The 200–400mm f/4 VR seems to be a killer option when it comes to MFD, price, and size. And you have 200–400mm of focal length to work with. The other option you have is to carry two heavy lenses, and the price...ouch! But (you knew that was coming), the other two lenses, the 200mm f/2 VR and 400mm f/2.8 VR both have speed going for them. You cannot replace the 200mm f/2 VR depth of field with the 200mm end of the 200–400mm f/4 VR, because you’re shooting at f/4. There simply is no comparison between them in those regards.
You should be asking yourself what the hey I’m talking about. I seem to be going in circles. That can be the case when you’re talking lenses and looking at the attributes that work best for your photography. The 200mm f/2 VR is a wicked-sharp lens with the depth of field of a hair. The incredibly shallow DOF really isolates a subject, and it’s so sharp you can count hairs like no other lens on the planet. Whether that’s your style of photography is another topic, but that’s what you need to think through when you’re considering purchasing a lens (great reason for renting first).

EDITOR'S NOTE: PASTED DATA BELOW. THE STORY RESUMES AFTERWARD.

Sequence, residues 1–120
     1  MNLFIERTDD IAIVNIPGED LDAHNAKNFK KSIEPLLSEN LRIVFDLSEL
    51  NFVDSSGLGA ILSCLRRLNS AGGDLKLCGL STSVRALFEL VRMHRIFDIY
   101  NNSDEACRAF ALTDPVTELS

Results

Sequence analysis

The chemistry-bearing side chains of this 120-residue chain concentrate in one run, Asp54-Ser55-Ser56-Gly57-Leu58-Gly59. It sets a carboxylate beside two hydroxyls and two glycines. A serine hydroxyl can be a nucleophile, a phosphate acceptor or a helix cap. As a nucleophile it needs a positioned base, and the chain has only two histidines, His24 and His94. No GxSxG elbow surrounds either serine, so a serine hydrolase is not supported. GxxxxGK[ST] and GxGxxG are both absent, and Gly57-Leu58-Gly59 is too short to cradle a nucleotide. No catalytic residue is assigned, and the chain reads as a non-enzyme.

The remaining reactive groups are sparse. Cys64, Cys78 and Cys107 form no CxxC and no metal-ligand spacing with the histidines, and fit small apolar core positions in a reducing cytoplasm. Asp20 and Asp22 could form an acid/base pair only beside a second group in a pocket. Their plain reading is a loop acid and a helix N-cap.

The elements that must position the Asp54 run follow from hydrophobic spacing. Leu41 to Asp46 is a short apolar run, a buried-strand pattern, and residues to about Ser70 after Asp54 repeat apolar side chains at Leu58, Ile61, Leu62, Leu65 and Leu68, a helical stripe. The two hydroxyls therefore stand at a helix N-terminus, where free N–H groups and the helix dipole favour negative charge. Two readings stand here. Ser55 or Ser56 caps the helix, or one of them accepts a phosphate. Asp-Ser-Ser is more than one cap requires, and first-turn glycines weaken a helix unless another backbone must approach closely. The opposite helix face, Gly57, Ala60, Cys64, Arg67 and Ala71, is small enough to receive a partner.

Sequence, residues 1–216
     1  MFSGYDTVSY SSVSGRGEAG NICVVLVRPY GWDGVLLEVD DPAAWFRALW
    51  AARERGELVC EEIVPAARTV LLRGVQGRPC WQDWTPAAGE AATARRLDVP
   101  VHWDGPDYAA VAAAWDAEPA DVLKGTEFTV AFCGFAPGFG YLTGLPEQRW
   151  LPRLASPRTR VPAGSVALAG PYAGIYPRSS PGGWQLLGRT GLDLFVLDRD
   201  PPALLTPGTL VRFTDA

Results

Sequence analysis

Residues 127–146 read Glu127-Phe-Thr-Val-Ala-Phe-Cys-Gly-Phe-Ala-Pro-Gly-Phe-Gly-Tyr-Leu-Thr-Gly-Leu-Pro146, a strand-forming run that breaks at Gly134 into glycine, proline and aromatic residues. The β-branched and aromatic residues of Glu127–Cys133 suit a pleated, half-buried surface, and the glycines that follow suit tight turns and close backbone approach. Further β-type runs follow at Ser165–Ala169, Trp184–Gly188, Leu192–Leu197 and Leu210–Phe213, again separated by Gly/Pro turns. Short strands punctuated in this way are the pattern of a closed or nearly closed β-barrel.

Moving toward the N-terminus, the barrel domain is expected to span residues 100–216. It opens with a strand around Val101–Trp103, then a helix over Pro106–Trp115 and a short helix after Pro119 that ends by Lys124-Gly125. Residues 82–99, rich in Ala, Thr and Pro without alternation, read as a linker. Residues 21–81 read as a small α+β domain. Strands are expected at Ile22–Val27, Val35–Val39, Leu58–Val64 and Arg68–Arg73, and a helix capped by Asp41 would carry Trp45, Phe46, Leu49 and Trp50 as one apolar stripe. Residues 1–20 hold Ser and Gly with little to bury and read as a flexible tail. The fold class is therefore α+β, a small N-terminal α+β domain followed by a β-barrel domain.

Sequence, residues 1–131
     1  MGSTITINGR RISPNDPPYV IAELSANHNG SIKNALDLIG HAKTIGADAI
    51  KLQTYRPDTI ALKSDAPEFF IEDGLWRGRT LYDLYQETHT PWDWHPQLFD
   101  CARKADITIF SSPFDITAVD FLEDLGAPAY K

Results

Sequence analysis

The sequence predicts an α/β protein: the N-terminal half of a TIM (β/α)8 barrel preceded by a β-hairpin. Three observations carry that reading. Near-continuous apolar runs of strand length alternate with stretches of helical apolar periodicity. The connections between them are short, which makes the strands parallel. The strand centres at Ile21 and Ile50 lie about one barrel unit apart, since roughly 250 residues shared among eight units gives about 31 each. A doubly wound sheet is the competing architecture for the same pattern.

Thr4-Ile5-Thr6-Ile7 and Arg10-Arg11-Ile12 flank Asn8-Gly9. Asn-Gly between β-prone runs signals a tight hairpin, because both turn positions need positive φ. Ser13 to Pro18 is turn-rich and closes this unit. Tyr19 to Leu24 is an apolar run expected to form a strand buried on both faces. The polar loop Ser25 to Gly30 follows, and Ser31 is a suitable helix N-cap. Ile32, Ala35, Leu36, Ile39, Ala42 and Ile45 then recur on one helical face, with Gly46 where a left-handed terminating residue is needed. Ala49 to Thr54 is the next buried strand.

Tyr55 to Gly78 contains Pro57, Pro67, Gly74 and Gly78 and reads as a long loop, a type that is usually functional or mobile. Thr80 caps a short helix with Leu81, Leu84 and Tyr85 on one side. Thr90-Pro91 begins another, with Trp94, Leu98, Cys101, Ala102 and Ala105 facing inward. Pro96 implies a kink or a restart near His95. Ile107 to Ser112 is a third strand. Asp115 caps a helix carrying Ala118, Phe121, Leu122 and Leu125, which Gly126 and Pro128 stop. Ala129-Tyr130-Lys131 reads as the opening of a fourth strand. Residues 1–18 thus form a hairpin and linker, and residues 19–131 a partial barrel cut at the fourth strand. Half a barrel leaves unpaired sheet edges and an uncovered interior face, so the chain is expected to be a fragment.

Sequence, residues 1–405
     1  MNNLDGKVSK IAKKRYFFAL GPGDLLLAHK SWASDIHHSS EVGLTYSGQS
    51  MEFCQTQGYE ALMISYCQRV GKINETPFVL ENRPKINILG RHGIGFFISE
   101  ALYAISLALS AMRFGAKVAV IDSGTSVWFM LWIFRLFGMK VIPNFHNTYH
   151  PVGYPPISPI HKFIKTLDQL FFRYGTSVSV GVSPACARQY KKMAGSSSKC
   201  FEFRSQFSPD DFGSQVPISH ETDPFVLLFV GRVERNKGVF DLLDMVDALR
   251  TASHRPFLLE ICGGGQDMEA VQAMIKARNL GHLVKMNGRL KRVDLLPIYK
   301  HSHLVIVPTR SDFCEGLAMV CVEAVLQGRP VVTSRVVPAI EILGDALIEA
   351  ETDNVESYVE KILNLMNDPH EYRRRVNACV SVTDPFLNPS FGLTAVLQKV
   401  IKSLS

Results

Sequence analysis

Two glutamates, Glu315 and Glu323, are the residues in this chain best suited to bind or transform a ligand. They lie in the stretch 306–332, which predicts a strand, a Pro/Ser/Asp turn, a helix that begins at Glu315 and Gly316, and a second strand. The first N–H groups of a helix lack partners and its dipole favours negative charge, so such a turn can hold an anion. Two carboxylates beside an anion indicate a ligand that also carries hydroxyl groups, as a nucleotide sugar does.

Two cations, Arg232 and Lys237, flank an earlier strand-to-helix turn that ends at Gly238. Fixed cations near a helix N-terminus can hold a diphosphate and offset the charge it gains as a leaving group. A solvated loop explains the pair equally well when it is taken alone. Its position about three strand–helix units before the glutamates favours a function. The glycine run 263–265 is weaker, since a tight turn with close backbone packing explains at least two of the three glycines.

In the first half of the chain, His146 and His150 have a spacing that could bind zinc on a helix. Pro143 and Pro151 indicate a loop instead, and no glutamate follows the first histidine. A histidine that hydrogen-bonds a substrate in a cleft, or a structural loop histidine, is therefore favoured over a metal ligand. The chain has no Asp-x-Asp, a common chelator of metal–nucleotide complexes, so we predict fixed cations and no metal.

On the other end, there is the 400mm of the 200–400mm f/4 VR and the 400mm f/2.8 VR. Here, the MFD of the two lenses is quite different, while the maximum aperture isn’t. The image size with a 400mm at 6.6 feet compared to one at 11 feet, you can quickly see, would be double. By simply being able to get closer and focus closer, you double the image size without using a teleconverter or any other tool. But the 400mm f/2.8 VR has that f/2.8 thing going for it. Both are gorgeous lenses, and you can’t go wrong optically with either. But what problems in your photography are you trying to solve, getting close to the minimum DOF?
Are you trying to find one lens that can “do it all,” so you can shoot and still have money for coffee afterwards? Are you heading to the bush to photograph big game and need to make that distracting world disappear and be out of focus? Is your shooting environment really dark and you need a fast lens, so the AF system works at its fastest? Or, maybe you need that extra stop of shutter speed and, like me, don’t raise your ISO to get it. Do you need a lens you can handhold or pack easily? Are you traveling to Africa, with its travel restrictions, and are size and weight a real concern? The list of photographic problems that pop into your mind should be like these when looking at your next lens purchase. There’s a lot more that goes into a lens than just a brand name!